Francisco de Paula Brito
A Black Publisher in Imperial Brazil
During that period, Francisco de Paula Brito became one of the central figures in the cultural and political scene in the Imperial capital, particularly through his work as a publisher. Paula Brito’s success was due in part to his ability to forge solid alliances with the Empire’s ruling elite—among them leading politicians responsible for the unification of the vast Brazilian territory and for the maintenance of slavery and the illegal trafficking of Africans. Consequently, through the books and newspapers he published, Francisco de Paula Brito became part of a much larger project.
PART ONE: THE VENTURES AND MISADVENTURES OF A FREE PRINTER
1. A “Dove without Gall” and the Court of Public Opinion
2. Plantation Lad
3. Apprentice Printer and Poet
4. 1831, Year of Possibilities
6. Press Laws and Offences in the “Days of Father Feijó”
PART TWO: CONSERVATIVE IMPARTIALITY
7. “A Very Well Set-Up Establishment”
8. Newspapers, Theses and Brazilian Literature
9. Workers, Slaves and Free Africans
10. “The Progress of the Nation Consists Solely in Regression”
11. Man of Color and Printer of the Imperial House
12. From Printer to Literary Publisher
13. Debts and the Dangerous Game of the Stock Market
14. From Bankruptcy Protection to Liquidation
PART FOUR: REDISCOVERED ILLUSIONS
15. A New Beginning
16. The Petalogical Society
17. Literary Mutualism
18. The Publisher and His Authors
19. Rio de Janeiro’s Publishing Market (1840-1850)
20. The Widow Paula Brito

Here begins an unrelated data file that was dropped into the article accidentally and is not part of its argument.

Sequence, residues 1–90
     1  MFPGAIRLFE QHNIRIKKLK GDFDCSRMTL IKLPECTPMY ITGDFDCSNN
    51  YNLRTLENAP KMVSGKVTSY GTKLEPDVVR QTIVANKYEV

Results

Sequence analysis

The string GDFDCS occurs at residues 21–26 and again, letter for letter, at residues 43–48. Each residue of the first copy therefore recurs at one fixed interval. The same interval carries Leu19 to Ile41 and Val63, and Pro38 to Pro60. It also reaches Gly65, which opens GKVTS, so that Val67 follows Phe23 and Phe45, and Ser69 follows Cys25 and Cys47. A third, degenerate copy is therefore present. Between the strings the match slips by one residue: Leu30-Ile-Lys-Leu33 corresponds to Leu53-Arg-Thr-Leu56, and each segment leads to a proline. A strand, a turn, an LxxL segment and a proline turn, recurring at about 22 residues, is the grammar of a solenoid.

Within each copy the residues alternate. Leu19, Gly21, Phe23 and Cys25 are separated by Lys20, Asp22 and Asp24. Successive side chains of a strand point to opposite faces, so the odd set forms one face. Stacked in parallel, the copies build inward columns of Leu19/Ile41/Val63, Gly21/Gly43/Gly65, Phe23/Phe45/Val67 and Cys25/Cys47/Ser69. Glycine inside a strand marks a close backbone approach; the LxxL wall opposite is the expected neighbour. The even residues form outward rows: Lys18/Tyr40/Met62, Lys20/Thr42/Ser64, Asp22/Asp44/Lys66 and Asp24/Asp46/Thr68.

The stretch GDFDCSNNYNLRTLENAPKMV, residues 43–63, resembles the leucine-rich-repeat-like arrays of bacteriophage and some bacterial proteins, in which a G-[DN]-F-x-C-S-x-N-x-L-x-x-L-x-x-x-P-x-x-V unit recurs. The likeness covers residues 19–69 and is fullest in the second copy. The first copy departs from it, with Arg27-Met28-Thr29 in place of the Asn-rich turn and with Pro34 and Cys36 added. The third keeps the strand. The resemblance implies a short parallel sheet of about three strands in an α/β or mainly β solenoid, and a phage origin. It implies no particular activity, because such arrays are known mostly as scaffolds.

Sources and Bibliography
"Paula Brito, a man of African descent, became the most important nineteenth-century Brazilian publisher. Rodrigo Godoi offers a detailed study of his trajectory, social relations, business practices, and cultural influence. This book is a major contribution to the history of the book and of the publishing industry."
—Sidney Chalhoub, author of A força da escravidão: ilegalidade e costume no Brasil oitocentista
"Impressive portrait of a free man of color of African descent, who published twenty-eight newspapers and Brazilian novels, plays, and poetry in nineteenth-century Rio de Janeiro. This essential biography recreates the lives of free people of color in a slave society and documents the development of print and book culture in Brazil."
—Mary C. Karasch, author of Slave Life in Rio de Janeiro, 1808–1850
"Godoi's brilliant socio-cultural biography of the printer Paula Brito in Imperial Brazil illustrates why the history of the book and of reading are among the strongest fields of research in Brazilian history today. Through Godoi's meticulous research and elegant storytelling, we discover how in a slave society a black publisher became a central, highly influential figure in political and intellectual life by skillfully negotiating the contradictions of his status with the empire's most powerful elites. This story is bigger than that of one man. Through this insightful study of Brito's life, we discover new, critical aspects of nineteenth-century Brazil, from independence and abolition to the birth of the modern nation. This book is life history at its best."
—Jean Hébrard, co-author of Freedom Papers: An Atlantic Odyssey in the Age of Emancipation